SBC: I haven’t heard from Tom’s parents. I do communicate with some of his relatives who are supportive of me and the film but unfortunately I haven’t heard from his parents. I don’t know if they even know what’s happening with the film premiering on OWN, but we did reach out to them to participate in the documentary and they never responded.
TBL: What do you hear most from people who have seen the film? I saw a lot of the YouTube comments were people sharing their loss, but tell me what you’ve been hearing.
SBC: I knew that this message probably happened to thousands of people but I never imagined that it happened to so many people. For me I heard from a lot of people [who] have gone through similar experiences that are worse scenarios, where they don’t even know where their partner’s buried to this day.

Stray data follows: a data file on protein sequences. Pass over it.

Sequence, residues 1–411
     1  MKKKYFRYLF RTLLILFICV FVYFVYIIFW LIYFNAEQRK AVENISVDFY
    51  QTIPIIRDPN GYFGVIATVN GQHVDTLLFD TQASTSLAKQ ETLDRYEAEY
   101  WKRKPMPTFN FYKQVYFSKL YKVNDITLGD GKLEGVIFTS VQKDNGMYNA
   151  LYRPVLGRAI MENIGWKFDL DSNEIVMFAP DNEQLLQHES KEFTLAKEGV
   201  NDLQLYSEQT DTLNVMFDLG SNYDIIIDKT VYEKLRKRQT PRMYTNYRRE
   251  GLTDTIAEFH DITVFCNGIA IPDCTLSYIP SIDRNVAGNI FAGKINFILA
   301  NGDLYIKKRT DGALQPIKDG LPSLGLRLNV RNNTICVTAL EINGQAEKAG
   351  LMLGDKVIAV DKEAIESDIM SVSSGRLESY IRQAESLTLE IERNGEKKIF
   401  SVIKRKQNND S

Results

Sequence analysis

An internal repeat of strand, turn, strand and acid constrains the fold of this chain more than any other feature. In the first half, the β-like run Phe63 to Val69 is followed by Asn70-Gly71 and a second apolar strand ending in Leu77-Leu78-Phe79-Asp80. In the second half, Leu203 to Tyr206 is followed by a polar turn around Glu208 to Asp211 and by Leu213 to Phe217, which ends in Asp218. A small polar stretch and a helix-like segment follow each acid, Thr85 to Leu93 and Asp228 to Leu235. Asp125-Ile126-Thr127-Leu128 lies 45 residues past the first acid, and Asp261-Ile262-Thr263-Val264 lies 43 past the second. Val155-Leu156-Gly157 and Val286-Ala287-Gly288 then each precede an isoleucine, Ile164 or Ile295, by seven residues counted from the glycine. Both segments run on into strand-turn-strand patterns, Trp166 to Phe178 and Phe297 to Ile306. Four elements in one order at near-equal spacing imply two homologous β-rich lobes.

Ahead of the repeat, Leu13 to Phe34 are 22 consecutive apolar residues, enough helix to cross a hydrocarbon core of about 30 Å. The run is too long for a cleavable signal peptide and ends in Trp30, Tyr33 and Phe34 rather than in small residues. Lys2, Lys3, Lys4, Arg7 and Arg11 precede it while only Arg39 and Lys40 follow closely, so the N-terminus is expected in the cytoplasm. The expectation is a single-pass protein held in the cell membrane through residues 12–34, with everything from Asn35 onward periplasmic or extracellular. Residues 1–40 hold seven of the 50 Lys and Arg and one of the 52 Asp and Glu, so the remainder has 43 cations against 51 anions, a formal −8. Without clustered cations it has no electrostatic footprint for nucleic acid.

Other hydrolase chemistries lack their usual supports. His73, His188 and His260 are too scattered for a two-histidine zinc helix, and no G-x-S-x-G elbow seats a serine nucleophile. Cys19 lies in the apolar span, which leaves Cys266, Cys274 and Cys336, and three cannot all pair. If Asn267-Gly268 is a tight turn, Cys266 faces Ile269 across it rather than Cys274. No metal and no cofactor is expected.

So, for me, this film, although it’s my story, and Linda’s film and my film, it’s really not. It’s really the people’s film, because it does represent all of these other people who’ve gone through these horrible experiences.
TBL: How did Linda come to the Bridegroom project?
SBC: Ironically, Tom and I went to a mutual friend’s wedding, it was in 2008, and that night we talked about how Tom and I wanted to get married someday and it was just a really nice evening and we’d gotten to know her and then fast forward four years and I got the phone call from her after she saw the YouTube video and she convinced me that this was a story that needed to be told, and she wanted to be the one to tell it.
For me, I had to think about it for a few days and after talking to her more and just hearing her own personal story how her mom passed away, that she was a victim of transfused AIDS [and] she witnessed the discrimination that a lot of gay men faced because of the way her mom was treated. So, this wasn’t just some Hollywood director wanting to make a film. This is a woman who is very passionate about equality and this is very personal for her, so I felt like she was the perfect person to tell the story.